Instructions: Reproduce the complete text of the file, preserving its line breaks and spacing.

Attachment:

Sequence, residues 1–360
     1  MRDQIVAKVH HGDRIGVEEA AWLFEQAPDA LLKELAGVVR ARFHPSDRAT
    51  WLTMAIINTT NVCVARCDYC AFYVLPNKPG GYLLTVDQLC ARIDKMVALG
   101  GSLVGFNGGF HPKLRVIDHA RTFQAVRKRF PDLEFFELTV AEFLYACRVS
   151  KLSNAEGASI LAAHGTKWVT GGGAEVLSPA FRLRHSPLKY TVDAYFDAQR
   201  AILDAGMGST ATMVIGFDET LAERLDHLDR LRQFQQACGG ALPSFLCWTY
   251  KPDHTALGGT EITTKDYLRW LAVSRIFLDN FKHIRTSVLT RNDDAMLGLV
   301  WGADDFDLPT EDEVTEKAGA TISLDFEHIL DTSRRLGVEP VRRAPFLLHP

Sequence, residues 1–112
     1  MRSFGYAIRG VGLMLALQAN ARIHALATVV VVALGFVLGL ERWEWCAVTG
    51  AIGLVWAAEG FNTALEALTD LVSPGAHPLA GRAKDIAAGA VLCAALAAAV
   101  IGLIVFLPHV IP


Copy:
Sequence, residues 1–360
     1  MRDQIVAKVH HGDRIGVEEA AWLFEQAPDA LLKELAGVVR ARFHPSDRAT
    51  WLTMAIINTT NVCVARCDYC AFYVLPNKPG GYLLTVDQLC ARIDKMVALG
   101  GSLVGFNGGF HPKLRVIDHA RTFQAVRKRF PDLEFFELTV AEFLYACRVS
   151  KLSNAEGASI LAAHGTKWVT GGGAEVLSPA FRLRHSPLKY TVDAYFDAQR
   201  AILDAGMGST ATMVIGFDET LAERLDHLDR LRQFQQACGG ALPSFLCWTY
   251  KPDHTALGGT EITTKDYLRW LAVSRIFLDN FKHIRTSVLT RNDDAMLGLV
   301  WGADDFDLPT EDEVTEKAGA TISLDFEHIL DTSRRLGVEP VRRAPFLLHP

Sequence, residues 1–112
     1  MRSFGYAIRG VGLMLALQAN ARIHALATVV VVALGFVLGL ERWEWCAVTG
    51  AIGLVWAAEG FNTALEALTD LVSPGAHPLA GRAKDIAAGA VLCAALAAAV
   101  IGLIVFLPHV IP